As most of you know, my basic philosophy of strength training involves the following:
- Strength underpins all other bio-motor qualities.
- Big is a by-product of strong. So train for strength and size will follow.
- Big bang exercises that involve the most amount of muscle trained for your available time.
- Ground-based movements.
You will also know that I have embraced the usage of specialty bars and some of the ideas of Coach Joe Kenn.
With this in mind, I would like to re-visit the Pull, Push, and Squat program. For me, this is one of the most time efficient and result-producing programs available. The twist in this tale is related to it being a 3 x 3 x 3 x 3 matrix, so let’s call it the three to the fourth power program.
Select any exercise you like from the pull, push, and squat categories. However, keep in mind that it must be a ground-based movement in order to make the cut in this program; therefore, any exercise that you are not exerting force through the feet and into the ground will have to be left out. I am not waging an anti-bench press campaign, but I want you to try the other variants within the push category for a period of time. Then, you can gauge your reliance on the go-to bench every time you walk into the gym.
Next, you need to select a different bar for each of the three exercises on the day. Hopefully, you are training in a more enlightened gym that has embraced the utilization of specialty bars. You can use the good ol' faithful Olympic bar, or you can use derivative power bars for one movement each session. After this, you can choose from the selection of bars that you have available:
From here, I want you to allocate one of your most result-producing set and rep protocols to a different movement on each training day, and then rotate them through the three-day week plan that will come out of this process. I usually work on three-week plan with my rugby players, so I will give you my three most successful plans with thanks to some amazing programmers along the way.
Three-Week Wave Loading Strength Cycle
(Thank you Ian King & Charles Poliquin)
Week 1: 2 x (6/5/4) @ (75%/80%/85%)
Week 2: 2 x (5/4/3) @ (80%/85%/90%)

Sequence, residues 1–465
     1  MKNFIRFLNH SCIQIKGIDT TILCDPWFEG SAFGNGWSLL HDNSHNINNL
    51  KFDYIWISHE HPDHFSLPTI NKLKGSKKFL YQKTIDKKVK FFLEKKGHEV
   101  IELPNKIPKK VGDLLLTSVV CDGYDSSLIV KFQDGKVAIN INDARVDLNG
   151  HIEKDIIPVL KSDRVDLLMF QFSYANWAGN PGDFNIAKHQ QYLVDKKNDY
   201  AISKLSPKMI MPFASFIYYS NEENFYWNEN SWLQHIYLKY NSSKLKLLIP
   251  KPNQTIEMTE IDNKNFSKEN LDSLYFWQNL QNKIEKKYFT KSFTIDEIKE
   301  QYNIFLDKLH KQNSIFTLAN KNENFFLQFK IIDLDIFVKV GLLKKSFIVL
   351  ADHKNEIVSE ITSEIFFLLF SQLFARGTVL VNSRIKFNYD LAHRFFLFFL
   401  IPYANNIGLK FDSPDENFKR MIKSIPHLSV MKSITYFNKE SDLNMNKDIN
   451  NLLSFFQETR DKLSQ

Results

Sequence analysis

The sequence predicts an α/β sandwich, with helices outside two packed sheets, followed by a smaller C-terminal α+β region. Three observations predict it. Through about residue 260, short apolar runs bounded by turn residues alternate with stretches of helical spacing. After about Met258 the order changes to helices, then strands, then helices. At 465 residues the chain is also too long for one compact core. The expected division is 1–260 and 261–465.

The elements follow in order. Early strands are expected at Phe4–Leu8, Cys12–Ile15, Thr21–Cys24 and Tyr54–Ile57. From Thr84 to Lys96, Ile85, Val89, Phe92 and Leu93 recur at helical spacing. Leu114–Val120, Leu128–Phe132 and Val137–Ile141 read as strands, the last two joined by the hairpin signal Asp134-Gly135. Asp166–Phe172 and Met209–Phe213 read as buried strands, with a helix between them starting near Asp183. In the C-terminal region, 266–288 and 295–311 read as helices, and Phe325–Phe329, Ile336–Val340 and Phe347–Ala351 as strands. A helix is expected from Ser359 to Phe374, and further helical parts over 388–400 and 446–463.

Week 3: 2 x (4/3/2) @ (85%/90%/95%)
Three-Week Basic Loading Strength Cycle
Week 1: 5 x 5 (step or plateau load) @ 80% - 85%
(Thank you Bill Starr)
Week 2: 2 x 5, 3 x 3 (step load) @ 80%/85%, 87.5%/90%/92.5%
Week 3: 5, 4, 3, 2, 1 (step load) @ 85+%, 87.5+%, 92.5+%, 95+%, new max
(Thank you Jim Schmitz)
Three-Week 4 x 6 Cluster Cycle
(Thank you Damian March & Luke Thornley)
Week 1: 4 x 3/3 with a 20 seconds rest in between clusters @ 85+%
Week 2: 4 x 2/2/2 with a 20 seconds rest in between clusters @ 90+%
Week 3: 4 x 3/2/1 with a 20 seconds rest in between clusters @ 85%, 90%, 95%. Add weight if you can to each cluster set with micro plates - a real necessity in this program.
Now it is time to put the program together. I would like to see what you come up with, so please send in your ideas with your favorite set and rep plans. You could use some of the ideas from my Rule of 24 series, 12 x 2 for the primary exercise of the day, 8 x 3 for the secondary exercise, and then finish with 4 x 6 on the tertiary exercise. I will stick with my Big Three program designs from above to complete the program for you.
For core, I cannot go past the advice of Pavel: 3 sets x 3-5 reps, on 3-5 exercises, 3-5 days per week. The choices are innumerable, so any list will be incomplete. However, remember to be multidimensional in your exercise selection.
So, the basis of the Three to the Fourth power program is:
- Three days per week
- Three exercises per session
- Three different set & rep protocols
- Three different types of bars during each session
As you can see, “no man is an island” when it comes to training ideas. So borrow from everywhere, interpret if it is appropriate in your environment, and then apply to your situation. Modify if needed and continue to always develop. I hope you can apply some of these to your own programming, or I hope that my ideas have, in some way, stimulated a different view of programming for you to consider in your training.
Engineering Physical Performance: Strength Training for Rugby eBook
I am definitely intrigued by the 4x6 cluster program. Just so I understand it completely, would the set/rep scheme for week 1 (as an example) look like this: 1 set of 3 reps followed by 20 sec rest, then another 3 reps......then rest for the second set, etc? I just ask because at first glance it seemed like a rest/pause type set and want to make sure I am interpreting it correctly. Thanks
You're insistence on using different specialty bars is interesting. I glanced through your past articles to see if I could find one where you go into this further, as it appears to be something you find very important (mentioned several times in a short article). I don't expect you to write a whole new article about it here, but can you explain why you are so keen on using different bars with this program? It appears to be a suitable program to run (or borrow ideas from) with only an Olympic bar, power bar, or whatever is regularly available to all athletes/coaches, and I think this part of the program is deserving of elaboration. Of course, I know that it CAN be done without the specialty bars, that goes without saying, but I'm very interested in why you prefer it this way.
do you test maxes on every exercise and bar for use with percentages? Or are the percentages estimations?
weight x reps x 0.0333 + weight for an estimated 1RM and then percentages off of that figure, cheers,a shley